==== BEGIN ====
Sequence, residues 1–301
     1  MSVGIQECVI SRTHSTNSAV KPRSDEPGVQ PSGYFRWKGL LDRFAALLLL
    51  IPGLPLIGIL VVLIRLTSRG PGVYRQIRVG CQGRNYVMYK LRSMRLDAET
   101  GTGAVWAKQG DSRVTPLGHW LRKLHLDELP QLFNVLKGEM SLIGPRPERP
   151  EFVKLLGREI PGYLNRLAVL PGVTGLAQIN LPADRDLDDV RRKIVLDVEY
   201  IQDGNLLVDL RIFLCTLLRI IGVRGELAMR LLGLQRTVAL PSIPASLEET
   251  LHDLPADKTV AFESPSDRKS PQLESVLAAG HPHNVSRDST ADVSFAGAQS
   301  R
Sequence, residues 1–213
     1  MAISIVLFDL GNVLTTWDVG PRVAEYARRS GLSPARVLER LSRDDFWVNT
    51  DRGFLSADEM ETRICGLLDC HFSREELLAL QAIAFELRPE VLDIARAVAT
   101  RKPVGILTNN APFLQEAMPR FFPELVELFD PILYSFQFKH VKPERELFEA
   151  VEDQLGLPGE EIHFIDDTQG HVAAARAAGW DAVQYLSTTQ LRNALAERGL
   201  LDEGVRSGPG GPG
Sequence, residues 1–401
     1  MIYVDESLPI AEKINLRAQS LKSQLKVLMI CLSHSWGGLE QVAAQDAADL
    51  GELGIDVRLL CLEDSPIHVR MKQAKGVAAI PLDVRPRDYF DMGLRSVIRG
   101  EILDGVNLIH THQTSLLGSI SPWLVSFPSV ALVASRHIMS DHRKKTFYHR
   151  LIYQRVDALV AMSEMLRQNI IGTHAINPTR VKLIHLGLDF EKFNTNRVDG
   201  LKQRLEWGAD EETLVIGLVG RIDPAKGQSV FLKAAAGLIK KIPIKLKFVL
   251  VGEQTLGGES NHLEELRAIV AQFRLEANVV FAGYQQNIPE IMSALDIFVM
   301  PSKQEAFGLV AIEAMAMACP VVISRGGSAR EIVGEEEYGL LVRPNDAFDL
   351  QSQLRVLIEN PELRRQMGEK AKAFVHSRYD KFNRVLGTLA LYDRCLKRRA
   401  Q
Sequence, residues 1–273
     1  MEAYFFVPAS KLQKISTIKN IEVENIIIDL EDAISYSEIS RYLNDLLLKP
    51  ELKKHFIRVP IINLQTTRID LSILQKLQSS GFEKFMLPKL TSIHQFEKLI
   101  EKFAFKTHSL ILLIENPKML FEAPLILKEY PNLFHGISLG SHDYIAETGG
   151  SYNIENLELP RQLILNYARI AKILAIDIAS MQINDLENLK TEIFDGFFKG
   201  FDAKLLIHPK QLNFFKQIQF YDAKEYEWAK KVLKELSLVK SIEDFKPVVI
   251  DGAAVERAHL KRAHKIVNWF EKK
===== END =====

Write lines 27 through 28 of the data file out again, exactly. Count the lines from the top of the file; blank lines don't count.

    51  ELKKHFIRVP IINLQTTRID LSILQKLQSS GFEKFMLPKL TSIHQFEKLI
   101  EKFAFKTHSL ILLIENPKML FEAPLILKEY PNLFHGISLG SHDYIAETGG